The developers teasingly included the term waifu in the games website address, but for any of you that might be getting your hopes up in regards to that, I feel that I should let you in on the fact that it was only a joke (which they state on their site) and that there are no romance options in the game. So instead of some sort of sexy, sassy or suave romantic dialogue, your character discusses various topics with customers, such as the pitfalls of journalism, poverty, segregation, corrupt government, the pain of loss, acceptance of self, expectations versus reality, etc. Basically, there are some pretty interesting conversations that come up if you put in the time to play the game past the first few days. (It even passes the Bechdel test, if you choose to apply it in a game context and don’t tunnel in on the early conversation with Dorothy.)
It’s not hard to figure out which drinks some of the games made up cocktails were inspired by, such as Brandtini (Martini), Piledriver (Screwdriver), Fringe Weaver (Dream Weaver), etc. I can understand why the game opted to use their own names and ingredients though since it gives them more freedom and simplified the recipes.
Just imagine trying to create an in-game mix system with real drink recipes, yikes!
The ingredients sound like you’re in a chemistry lab: Adelhyde, Bronson Extract, Powdered Delta (previously used for rat poison?!?!?), Flanerglide and the alcoholic component Karmotrine. Adelhyde sounds to me like I’m planning to knock someone out and a lot like Aldehyde. I really should stop over analyzing things in my head. It’s a problem.
I found the graphics quite fitting with the setting and the very minor but still present animations helped keep the game characters feel alive, while their changes in expression helped you gauge the situation relatively easily without distracting you too much from the text. The characters themselves were well developed and the more you got to know your clientele, the more in depth they become. That’s right, just like onions, they have layers.
The storylines’ means of world building is pretty interesting, but it does require you to pay attention to the subtle details throughout the game. If you’re simply speeding through conversation, or perhaps neglecting to read the news, you’re not going to really follow what’s going on in the world, or catch the subtle hints the game tosses you as you play. There were numerous “Aha!!” or “Are you…??” moments that I ran into because I happened to recall another person’s story, or remembered an article I’d read from the Augmented Eye.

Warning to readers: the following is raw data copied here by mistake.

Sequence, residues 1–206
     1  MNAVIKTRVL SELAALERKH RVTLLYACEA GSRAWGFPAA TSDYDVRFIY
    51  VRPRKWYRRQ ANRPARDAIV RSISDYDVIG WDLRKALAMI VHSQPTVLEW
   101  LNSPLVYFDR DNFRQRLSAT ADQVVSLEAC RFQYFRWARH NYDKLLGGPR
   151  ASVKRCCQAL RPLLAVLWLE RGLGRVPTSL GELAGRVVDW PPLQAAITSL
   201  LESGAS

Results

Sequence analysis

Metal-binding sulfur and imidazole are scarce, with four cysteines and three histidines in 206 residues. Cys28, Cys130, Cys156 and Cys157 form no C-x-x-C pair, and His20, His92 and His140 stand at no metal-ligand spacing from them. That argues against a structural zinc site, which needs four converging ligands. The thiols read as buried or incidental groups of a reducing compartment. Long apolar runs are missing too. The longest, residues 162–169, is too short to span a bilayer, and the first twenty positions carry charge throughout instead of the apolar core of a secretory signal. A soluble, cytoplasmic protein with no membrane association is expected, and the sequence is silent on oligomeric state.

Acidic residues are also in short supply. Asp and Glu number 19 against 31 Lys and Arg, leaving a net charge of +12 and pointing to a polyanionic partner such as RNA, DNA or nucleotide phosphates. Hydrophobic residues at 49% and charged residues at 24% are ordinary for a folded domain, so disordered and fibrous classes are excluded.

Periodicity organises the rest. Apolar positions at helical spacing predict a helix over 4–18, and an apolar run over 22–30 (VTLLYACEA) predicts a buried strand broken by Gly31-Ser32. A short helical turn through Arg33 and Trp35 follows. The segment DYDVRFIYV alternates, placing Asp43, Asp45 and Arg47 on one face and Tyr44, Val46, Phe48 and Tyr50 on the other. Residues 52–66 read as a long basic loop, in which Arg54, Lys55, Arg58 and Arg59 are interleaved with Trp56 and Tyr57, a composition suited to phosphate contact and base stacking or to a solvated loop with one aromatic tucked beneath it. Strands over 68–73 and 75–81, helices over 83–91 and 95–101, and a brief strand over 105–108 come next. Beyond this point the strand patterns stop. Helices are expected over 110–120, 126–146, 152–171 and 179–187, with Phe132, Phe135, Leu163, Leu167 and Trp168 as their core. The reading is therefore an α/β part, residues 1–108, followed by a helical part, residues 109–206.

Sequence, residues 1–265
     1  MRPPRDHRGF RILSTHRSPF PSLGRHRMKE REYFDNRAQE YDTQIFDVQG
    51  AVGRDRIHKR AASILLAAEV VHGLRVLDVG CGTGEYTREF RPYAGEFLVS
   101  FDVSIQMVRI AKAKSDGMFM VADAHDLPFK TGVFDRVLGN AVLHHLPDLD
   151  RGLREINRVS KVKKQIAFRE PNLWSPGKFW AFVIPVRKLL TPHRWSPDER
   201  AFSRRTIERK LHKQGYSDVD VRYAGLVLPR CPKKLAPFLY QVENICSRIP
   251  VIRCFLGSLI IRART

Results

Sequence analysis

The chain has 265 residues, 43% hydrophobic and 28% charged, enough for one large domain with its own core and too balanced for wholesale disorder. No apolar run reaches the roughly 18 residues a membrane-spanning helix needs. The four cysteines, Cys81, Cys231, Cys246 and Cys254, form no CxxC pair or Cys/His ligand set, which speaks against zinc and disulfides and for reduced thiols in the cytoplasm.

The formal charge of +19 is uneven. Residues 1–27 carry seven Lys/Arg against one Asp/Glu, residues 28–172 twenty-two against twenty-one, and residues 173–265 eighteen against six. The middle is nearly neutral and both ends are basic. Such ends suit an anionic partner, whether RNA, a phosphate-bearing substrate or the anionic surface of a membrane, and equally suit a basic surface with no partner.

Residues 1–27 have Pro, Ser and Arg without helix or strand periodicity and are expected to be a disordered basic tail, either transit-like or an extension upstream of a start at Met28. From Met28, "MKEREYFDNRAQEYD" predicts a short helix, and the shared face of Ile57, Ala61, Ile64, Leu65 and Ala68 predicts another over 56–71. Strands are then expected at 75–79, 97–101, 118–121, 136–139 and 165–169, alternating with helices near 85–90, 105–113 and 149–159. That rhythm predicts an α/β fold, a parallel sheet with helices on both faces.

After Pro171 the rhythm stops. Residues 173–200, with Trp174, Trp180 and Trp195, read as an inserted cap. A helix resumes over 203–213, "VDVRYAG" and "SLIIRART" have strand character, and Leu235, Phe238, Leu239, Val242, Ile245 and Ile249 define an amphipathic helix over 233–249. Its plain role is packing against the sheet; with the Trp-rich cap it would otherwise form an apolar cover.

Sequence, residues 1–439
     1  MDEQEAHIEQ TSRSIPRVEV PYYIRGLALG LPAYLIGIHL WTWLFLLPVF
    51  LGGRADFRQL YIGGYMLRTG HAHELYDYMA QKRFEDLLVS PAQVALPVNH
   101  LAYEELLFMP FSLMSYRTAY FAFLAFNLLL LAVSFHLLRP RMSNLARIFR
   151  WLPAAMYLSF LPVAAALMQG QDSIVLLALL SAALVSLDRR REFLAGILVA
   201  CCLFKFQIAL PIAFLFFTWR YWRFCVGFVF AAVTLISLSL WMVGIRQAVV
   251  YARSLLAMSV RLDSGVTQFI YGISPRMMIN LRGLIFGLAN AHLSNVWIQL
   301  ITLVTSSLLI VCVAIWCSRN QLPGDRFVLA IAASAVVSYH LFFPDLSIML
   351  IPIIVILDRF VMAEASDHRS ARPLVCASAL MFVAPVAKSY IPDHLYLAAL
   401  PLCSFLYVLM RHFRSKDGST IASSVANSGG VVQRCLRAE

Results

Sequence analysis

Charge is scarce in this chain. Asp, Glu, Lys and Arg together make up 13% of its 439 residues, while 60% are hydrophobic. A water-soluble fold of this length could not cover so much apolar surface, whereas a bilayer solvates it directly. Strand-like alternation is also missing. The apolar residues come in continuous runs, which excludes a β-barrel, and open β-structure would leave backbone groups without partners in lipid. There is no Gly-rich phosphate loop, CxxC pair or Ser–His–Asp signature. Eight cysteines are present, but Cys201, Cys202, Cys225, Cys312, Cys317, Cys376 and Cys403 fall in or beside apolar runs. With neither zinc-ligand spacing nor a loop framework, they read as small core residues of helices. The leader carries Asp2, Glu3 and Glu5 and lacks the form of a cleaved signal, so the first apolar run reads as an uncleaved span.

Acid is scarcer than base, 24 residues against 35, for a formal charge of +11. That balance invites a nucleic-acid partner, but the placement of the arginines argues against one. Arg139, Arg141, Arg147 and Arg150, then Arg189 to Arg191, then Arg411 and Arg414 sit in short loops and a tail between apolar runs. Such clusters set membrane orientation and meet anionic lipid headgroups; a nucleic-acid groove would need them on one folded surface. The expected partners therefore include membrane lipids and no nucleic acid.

I appreciated that you could look back in each client’s dialogue by hitting your scroll wheel if you missed something in the conversation and that you could setup your jukebox before each shift up to 12 songs, which you can skip through as you see fit.
There are 7 different possible endings, secret dialogue that can be unlocked, songs you can discover and secret characters you can meet if you serve certain characters the off-menu drink at the right time. You get to save before you start your shift as well as during your break, which is pretty great, particularly since it offers you a pretty ample amount of save slots to do so. Which makes it a bit simpler to get certain achievements if you need to start a particular day over.
I also liked that you could customize your apartment later in the game as well, even though I wish you could preview them before buying.
Note: The achievement for having matching decor is probably best left for when you’re on a New Game Plus save, as is the one for beating the mini-game within the game. Unless you don’t mind risking the “Bad Ending”.
Once you’ve completed the game, it creates a new Heart save for you starting from Day 1 as a New Game+, which lets you keep all the items you purchased from your previous play through as well as the money you had left over. This gives the game a bit more ease of replayability because you don’t have to be afraid of saving up to pay your bills as much so you can toy around with the clientele a bit more to find dialogue you hadn’t seen before or bling out your apartment.
Overall, I really enjoyed this game, which was made apparent by the fact that I spent an entire weekend playing it straight through. Now keep in mind, it’s not for everyone. If you’re someone that finds speaking openly about sexuality offensive, then this game will likely offend you, as one of your regular clients is a sex worker that’s very open about their work life. It’s not a shooter, a fighter or anything fast paced like that either. You aren’t the one rushing to save the damsel in distress, or punching the bad guy, that’s for others to do. You’re the bartender that people come to you so they can unwind and unload. It’s like you’re the tavern keep in a D&D campaign, prepping brews as the adventurers’ blabber on about their last epic quest. (Ooooh, that would be a good game too.)
It’s a visual novel, which means you’re going to do a lot of reading between periods where you actually get to do anything (e.g mix drinks). But who knows, maybe if you give it a try, VA-11-HALL-A: Cyberpunk Bartender Action might just open your eyes to a whole new genre of entertainment that you can enjoy. After all, we don’t have to just stick to one type now, do we?
If this feels like the game for you, it’s available on Windows, OS X, PS VITA, iPad and Linux and for the reasonable price of $19.99 Canadian (or $14.99 USD) on Steam as well as through their official site if you’d like to purchase it directly for a DRM-free copy.